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RVC establishes Municipal Planning Commission

Rocky View County council has established a Municipal Planning Commission, which will comprise all of council and have authority to make decisions on subdivision and development applications. File Photo/Rocky View Publishing

A newly-established Municipal Planning Commission (MPC) will have the authority to make decisions on subdivisions and development permit applications within Rocky View County (RVC).

“The intention behind the creation of an MPC is to ensure that all of council has a role in managing growth and development in the County,” said Municipal Clerk Charlotte Satink during a presentation to council at a regular meeting Nov. 26.

“Furthermore, it keeps council engaged and shifts some of the decision-making authority from administration to the MPC for subdivision development and applications.”

According to Satink, the commission will be guided by council-approved bylaws, policies and strategic priorities, and will be supported in its decision-making by the professional advice of staff, input from applicants and the interests of the community at large.

Administration recommends meetings commence once per month beginning in February 2020, then move to a bi-weekly basis after four months, she said.

Under the Municipal Government Act, Satink said, a bylaw establishing an MPC must provide procedures to be followed by the commission and prescribe its functions and duties.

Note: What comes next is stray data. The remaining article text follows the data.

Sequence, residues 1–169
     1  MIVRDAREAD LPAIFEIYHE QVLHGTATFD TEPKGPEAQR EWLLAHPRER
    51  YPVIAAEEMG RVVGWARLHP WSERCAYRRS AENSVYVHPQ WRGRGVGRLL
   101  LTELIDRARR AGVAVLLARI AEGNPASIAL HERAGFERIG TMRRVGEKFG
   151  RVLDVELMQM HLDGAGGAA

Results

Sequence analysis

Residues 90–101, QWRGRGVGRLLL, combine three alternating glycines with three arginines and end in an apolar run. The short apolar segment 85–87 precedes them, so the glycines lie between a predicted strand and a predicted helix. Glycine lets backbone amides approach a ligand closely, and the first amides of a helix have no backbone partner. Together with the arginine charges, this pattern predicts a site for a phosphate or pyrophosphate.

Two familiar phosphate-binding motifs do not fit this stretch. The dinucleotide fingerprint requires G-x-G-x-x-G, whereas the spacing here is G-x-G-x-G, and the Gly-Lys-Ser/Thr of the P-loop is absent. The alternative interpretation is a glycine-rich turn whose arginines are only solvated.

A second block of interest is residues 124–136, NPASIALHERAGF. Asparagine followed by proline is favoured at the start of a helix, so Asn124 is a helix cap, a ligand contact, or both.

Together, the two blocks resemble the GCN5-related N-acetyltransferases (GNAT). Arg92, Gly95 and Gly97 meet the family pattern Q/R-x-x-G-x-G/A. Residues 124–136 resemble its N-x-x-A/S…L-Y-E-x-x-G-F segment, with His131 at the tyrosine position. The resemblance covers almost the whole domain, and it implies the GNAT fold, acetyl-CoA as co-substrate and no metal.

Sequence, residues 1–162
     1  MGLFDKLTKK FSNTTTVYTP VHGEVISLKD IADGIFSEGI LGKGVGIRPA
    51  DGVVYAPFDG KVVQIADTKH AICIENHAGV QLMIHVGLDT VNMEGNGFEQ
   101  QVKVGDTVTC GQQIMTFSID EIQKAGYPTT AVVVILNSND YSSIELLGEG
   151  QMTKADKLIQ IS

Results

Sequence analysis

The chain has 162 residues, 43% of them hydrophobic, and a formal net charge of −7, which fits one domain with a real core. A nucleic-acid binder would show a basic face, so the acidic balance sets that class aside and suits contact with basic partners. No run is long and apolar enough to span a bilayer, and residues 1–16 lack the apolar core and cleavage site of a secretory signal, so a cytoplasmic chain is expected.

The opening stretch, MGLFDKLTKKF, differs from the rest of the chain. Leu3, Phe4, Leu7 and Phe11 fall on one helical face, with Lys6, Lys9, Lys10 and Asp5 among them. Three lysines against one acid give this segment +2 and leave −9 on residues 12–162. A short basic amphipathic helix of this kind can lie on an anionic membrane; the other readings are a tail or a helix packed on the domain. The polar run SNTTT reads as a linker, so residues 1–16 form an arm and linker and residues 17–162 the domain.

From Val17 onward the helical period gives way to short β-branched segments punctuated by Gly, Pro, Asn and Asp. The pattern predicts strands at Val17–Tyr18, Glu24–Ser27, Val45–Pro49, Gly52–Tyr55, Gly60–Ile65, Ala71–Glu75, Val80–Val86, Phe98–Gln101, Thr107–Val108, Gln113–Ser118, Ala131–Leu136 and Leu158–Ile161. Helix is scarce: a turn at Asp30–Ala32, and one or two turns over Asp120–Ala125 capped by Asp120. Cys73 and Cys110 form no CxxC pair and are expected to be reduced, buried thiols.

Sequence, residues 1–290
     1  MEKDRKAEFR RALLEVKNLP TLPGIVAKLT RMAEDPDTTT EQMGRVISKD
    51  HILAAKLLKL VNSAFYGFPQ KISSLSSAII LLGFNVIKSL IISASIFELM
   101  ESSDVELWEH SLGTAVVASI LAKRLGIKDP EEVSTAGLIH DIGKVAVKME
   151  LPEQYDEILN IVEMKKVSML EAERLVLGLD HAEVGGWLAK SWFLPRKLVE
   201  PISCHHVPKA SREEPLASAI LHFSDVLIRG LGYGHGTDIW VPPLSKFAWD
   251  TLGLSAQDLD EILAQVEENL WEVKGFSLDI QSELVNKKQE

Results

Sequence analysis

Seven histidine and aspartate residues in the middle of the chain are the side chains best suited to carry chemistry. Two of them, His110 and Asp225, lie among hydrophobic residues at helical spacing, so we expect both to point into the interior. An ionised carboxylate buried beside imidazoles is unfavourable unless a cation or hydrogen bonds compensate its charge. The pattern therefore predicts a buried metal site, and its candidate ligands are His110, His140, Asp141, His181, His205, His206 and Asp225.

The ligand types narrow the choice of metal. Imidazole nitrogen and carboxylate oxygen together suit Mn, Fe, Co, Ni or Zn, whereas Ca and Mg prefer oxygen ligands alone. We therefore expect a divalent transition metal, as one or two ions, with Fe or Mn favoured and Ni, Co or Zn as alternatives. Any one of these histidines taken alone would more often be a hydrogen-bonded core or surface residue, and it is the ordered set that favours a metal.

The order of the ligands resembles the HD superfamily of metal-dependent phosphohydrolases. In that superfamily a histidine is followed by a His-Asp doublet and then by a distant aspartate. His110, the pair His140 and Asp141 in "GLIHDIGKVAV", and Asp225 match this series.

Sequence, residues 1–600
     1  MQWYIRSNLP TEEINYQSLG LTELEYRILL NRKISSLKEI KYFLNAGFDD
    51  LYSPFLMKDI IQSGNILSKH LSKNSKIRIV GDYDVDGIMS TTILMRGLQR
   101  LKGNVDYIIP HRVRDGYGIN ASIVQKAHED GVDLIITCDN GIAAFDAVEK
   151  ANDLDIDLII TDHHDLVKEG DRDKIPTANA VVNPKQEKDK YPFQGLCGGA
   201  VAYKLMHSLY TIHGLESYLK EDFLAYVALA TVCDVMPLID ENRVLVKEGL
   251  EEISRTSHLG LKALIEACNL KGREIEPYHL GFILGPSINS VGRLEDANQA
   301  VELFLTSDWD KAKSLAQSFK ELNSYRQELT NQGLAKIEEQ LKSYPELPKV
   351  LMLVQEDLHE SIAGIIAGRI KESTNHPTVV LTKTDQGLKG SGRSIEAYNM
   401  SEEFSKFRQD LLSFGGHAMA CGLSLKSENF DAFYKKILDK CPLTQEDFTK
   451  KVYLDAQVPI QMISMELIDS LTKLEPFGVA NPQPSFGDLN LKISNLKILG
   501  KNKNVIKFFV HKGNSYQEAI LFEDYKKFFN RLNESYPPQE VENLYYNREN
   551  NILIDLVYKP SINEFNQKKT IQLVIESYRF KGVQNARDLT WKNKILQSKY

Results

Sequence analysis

The approved bylaw includes some flexibility on membership, she noted – its wording would allow all of council to be appointed to the commission, or for the appointments of members at large from the public. Council expressed a preference, for the time being, to make up the membership from its ranks.

“I think, because this is a new board, I do think all of council should sit on this board,” Coun. Jerry Gautreau said. “I think we need to get our feet wet and see how this board’s going to work. I would actually prefer all of council, right now, to sit on this board, understand this board and see how it’s going to operate before we jump into members at large.”

Questions persisted about which applications would come before MPC and which would be handled by administration. Matthew Wilson, manager of Planning and Development Services, characterized the process as “somewhat exploratory.”

“The intent is to leverage the MPC wherever possible, and where it becomes clear that perhaps the MPC does not have the interest or there doesn’t seem to be the value in using the skills and knowledge of the MPC of their relevant areas, perhaps those matters can then be dealt with by administration,” he said.

Reeve Greg Boehlke said he was of the understanding that permitted uses would be dealt with by administration, and the commission would look at discretionary uses. Council proceeded to unanimously amend the bylaw to have administration automatically handle applications for permitted uses, when there are no proposed variances.

Council then granted unanimous approval to three readings of the bylaw, first reading of amendments to the Land Use Bylaw and Subdivision Authority Bylaw – which include the MPC as development and subdivision authority – and directed administration to prepare amendments to the Board and Committee Remuneration Policy to include remuneration for the MPC.

While the bylaw did not require a statutory public hearing, Satink said, a hearing will be required for amendments to the Land Use Bylaw and the Subdivision Authority Bylaw. The public hearing will be scheduled for council’s Jan. 24, 2020 meeting.

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